The journey continues ...

The journey continues …

I left Santiago de Compostela full of renewed joy. The Portal of Glory is like the gate of heaven and this wonderful city, a glimpse of the place to which each one of us is travelling. It has been a few days of blessing in the city where so many journeys are blessed.

bless all pilgrims,
all who travel
and all who seek you
as they walk
and give to each of us
a glimpse of heaven
on earth.

Leaving Santiago

The Congress ends today. After the Pilgrim Mass in the Cathedral at noon, at which I have been asked to read, I will make my way back home. It is a reminder to me that the Camino may have a very clear destination but it is not a place where we are meant to stay. The journey has to always go on, that is the Christian view of the journey. When the women are told in St Matthew’s Gospel that Jesus is risen the angel then says

“Go quickly and tell his disciples, “He has been raised from the dead, and indeed he is going ahead of you to Galilee; there you will see him.” (Matthew 28.7)

Jesus is always going ahead of us, walking the Way. And we don’t know where the Way leads. Yesterday we were given a talk about the iconography of St James and the speaker focused on images of his martyrdom, something he felt was often overlooked. James was in fact the first of the apostles to be killed as a witness to Christ. This is how the book of the Acts of the Apostles records it

‘About that time King Herod laid violent hands upon some who belonged to the church. He had James, the brother of John, killed with the sword.’ (Acts 12.1-2)

The martyrdom of St James

The martyrdom of St James

So coming back to Santiago de Compostela has been thrilling. It has been good to meet people passionate about the Camino, people struggling to make sense of the very disparate group of people now walking, from very different motivations. The question has to be, how does the Church genuinely welcome whoever wishes to walk and yet is able to retain enough of the Christian heritage of the Camino to ensure that it is not just another ‘extreme challenge’ or secular pilgrimage? I reflected that this is the Golden Age of the Camino. That has its challenges as well as its joys. It has to be worth struggling with the challenges and seeing this as a road on which many will find themselves walking with Christ, perhaps for the first time.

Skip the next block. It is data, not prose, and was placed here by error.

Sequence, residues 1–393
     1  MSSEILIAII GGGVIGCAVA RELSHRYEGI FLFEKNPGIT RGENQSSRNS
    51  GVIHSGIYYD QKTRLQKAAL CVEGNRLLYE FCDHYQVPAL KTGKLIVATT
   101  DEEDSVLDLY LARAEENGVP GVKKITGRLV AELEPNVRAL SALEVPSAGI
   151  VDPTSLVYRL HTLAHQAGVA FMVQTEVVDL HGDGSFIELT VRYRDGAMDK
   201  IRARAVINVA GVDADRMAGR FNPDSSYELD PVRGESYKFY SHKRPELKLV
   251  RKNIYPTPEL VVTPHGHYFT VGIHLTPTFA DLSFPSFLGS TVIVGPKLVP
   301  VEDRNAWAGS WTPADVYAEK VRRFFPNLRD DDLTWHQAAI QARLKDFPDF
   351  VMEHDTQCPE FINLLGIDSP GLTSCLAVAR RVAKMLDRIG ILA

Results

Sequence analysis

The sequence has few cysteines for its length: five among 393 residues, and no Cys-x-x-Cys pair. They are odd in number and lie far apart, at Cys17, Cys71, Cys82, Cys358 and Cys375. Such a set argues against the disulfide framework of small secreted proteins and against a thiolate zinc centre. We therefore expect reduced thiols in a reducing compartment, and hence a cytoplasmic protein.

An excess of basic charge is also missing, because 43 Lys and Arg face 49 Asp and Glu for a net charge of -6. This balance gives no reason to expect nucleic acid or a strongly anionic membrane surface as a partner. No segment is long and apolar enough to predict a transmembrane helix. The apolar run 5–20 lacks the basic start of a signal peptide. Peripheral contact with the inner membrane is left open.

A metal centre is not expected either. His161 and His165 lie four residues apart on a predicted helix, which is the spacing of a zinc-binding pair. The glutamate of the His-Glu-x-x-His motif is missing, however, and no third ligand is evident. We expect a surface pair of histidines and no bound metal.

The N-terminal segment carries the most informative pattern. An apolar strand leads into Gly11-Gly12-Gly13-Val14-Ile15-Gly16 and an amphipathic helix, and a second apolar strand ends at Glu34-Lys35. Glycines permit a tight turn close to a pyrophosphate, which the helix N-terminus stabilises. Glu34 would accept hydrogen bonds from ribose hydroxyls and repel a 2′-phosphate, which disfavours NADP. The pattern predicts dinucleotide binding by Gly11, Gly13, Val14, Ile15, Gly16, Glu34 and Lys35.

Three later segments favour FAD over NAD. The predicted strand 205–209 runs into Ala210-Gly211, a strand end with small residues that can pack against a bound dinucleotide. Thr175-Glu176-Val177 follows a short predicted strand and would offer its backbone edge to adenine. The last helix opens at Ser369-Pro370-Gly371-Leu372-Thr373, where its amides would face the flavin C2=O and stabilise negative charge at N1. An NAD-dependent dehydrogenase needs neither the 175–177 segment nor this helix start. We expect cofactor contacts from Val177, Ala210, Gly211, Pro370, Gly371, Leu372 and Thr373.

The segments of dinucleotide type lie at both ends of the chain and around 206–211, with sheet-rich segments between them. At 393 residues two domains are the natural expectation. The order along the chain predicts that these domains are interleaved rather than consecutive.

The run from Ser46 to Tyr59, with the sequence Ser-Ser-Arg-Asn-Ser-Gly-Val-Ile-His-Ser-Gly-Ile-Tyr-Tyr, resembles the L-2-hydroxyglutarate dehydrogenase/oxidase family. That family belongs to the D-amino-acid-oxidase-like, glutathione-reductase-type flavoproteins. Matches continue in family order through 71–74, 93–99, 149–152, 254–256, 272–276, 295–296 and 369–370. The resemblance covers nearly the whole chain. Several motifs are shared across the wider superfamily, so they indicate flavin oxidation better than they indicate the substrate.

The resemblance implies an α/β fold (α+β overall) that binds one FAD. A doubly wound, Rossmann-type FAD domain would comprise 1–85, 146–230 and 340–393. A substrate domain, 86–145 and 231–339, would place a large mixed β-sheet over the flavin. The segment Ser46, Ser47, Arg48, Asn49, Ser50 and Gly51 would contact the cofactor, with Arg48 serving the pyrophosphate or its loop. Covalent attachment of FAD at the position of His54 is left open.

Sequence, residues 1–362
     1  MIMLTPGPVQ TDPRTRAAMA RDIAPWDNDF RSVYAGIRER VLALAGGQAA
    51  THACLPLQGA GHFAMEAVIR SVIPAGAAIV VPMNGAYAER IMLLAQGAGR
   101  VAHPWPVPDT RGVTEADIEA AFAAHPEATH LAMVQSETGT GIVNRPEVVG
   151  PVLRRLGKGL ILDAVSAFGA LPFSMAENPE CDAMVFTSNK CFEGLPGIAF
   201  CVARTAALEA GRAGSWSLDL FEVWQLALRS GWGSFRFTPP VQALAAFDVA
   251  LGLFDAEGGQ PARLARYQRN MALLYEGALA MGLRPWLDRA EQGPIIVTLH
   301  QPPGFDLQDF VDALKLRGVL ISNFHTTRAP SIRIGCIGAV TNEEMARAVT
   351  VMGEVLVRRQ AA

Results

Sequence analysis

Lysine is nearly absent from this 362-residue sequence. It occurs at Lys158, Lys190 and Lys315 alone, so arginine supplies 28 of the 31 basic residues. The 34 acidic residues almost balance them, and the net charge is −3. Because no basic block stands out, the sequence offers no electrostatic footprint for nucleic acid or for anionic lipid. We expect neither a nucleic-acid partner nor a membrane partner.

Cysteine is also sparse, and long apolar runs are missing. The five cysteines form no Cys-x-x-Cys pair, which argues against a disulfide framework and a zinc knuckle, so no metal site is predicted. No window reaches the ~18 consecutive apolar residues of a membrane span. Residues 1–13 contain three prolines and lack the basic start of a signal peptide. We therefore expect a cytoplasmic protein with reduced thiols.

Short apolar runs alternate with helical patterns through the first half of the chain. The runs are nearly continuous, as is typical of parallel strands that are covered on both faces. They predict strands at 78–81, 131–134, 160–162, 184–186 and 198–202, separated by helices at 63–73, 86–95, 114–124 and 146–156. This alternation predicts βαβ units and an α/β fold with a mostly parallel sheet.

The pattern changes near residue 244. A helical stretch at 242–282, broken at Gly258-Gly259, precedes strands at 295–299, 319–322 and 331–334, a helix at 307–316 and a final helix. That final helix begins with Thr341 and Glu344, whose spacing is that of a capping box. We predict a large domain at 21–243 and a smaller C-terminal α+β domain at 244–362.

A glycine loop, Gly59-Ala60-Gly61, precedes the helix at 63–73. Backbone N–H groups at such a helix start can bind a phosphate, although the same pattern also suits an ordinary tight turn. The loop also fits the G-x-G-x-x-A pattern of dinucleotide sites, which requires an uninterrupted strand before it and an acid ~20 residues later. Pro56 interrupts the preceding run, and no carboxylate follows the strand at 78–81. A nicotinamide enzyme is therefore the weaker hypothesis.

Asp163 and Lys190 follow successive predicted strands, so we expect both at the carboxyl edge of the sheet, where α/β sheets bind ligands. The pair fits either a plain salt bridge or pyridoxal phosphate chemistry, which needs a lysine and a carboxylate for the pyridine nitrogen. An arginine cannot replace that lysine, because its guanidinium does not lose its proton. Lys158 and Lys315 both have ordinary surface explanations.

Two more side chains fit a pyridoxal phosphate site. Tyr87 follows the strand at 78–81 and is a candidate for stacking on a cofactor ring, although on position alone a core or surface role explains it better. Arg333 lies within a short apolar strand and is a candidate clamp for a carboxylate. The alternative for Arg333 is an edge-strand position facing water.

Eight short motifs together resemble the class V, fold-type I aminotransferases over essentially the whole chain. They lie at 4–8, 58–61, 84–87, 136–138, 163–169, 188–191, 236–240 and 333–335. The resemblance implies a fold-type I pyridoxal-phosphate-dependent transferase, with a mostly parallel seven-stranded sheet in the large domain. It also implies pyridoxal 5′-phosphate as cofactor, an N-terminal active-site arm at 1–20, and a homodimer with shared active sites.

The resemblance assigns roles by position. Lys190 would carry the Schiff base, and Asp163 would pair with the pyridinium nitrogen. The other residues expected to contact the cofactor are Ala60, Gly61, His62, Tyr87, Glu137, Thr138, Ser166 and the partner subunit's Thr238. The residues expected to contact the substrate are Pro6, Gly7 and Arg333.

Eternal God,
whose Son Jesus Christ is the way, the truth, and the life:
grant us to walk in his way,
to rejoice in his truth,
and to share his risen life;
who is alive and reigns, now and for ever.

Pilgrims on a journey

Today has had a more theological, cultural, historical feel to it. Each day begins with a Mass in the chapel in the Hospederia where we are stying. One of the local bishops presides. In the homily this morning the bishop made some interesting comments about those who walk the Camino.

He was commenting on the fact that many of the people walking the Camino are not fully signed up Christians, in fact many are not people of faith at all. He said that this does not matter. The truth is that God has made us all brothers and sisters and that God’s love extends to all. They are as entitled to walk the way as are we. We can often imagine, he said, that they are walking with us but, he encouraged us, we should think of it as us walking with them. I found this very helpful and it completely echoed what I had been thinking about, the arrogance that comes from possesiveness, when we imagine that we ‘own’ something, or that the way we view something is the only way to view it. There needs to be much more openness and conversation between the people of the Camino, whatever the reason is that they embark on the walk.